Argentina, the world's eighth largest country, is the second largest in South America. One third of it 40 million inhabitants live in its capital, Buenos Aires. Originally known as Rio de la Plata, Argentina was first labeled as such in a 1536 atlas, after the Latin word for silver.
Governed by the Spanish for 300 years, most of Argentina's native population, susceptible to European diseases, did not survive. Since its independence in 1816, the country's population is predominantly of European descent. Spanish, the official language of Argentina, is spoken with an accent similar to Neapolitan Italian, reflecting the influx of Spanish and Italian immigrants in the 19th and 20th centuries.
A narrow, coastal strip of Chile borders Argentina and the Andes to the west. Bolivia and Paraguay border the country to the north and Brazil and Uruguay to the northeast. The Andes' Aconcagua peak at 22,834 feet is the highest mountain in the Western hemisphere. Northeast Argentina is known for the 1.6 mile drop of Iguazu Falls. Argentina includes the world's southernmost city, Ushuia, which is just over 2,400 miles from the South Pole and the departure point for several Antarctic cruises.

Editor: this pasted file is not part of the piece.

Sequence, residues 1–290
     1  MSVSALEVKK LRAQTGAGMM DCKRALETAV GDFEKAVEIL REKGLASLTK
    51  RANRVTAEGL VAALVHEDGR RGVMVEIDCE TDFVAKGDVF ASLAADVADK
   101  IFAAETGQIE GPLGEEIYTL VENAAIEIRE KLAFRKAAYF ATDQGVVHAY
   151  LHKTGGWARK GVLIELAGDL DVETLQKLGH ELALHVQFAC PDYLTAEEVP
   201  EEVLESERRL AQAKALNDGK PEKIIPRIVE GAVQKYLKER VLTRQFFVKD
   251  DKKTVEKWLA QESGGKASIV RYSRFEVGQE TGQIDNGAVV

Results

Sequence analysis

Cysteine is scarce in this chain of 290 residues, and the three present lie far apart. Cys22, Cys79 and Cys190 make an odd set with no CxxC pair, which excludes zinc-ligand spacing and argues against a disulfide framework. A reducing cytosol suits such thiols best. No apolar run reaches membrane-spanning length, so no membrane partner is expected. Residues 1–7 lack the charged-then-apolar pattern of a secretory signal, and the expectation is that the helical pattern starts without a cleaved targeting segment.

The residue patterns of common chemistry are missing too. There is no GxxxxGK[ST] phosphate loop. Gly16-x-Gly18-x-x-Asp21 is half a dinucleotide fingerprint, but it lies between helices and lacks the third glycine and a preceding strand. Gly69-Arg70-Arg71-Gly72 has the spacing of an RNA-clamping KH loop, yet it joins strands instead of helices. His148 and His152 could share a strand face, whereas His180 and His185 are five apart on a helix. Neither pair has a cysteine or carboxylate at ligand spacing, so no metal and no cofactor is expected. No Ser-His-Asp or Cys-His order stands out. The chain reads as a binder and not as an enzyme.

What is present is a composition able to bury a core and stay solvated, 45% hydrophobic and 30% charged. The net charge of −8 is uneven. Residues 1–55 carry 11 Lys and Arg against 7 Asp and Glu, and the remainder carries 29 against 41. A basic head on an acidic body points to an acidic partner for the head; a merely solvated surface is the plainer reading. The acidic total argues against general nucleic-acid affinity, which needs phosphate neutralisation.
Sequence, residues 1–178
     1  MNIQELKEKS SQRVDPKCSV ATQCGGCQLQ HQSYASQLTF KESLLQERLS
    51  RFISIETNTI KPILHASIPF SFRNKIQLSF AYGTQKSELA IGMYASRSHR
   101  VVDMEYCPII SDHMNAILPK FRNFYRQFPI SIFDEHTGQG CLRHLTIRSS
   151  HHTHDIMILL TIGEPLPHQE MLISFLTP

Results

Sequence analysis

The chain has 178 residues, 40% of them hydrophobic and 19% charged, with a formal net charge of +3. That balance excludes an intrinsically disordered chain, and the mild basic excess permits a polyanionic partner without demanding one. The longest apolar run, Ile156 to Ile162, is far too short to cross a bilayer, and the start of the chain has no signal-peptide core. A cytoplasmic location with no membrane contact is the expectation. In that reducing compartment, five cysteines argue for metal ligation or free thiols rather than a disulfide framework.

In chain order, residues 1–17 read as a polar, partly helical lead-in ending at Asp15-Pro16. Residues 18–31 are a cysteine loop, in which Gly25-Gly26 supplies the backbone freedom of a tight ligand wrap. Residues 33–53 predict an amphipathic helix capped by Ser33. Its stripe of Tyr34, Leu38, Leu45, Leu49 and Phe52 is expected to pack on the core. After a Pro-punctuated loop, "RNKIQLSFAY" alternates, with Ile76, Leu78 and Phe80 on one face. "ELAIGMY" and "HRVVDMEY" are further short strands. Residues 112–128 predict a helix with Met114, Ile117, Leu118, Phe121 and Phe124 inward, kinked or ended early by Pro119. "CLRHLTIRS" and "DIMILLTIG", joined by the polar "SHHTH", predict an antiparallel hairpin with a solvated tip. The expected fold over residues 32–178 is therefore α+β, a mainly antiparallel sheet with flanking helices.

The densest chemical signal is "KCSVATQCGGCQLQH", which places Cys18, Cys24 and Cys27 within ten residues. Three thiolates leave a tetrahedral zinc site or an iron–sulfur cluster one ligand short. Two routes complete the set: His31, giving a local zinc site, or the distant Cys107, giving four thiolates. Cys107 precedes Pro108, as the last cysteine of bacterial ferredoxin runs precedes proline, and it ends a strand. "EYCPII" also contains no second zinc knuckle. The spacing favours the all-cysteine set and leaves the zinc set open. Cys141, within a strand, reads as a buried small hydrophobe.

The gauchos who moved across the country's Pampas plains herding cattle, often seen to represent the country's fight for independence, and the tango, originating in Buenos Aires with African and European musical influences, are iconic symbols of Argentine culture.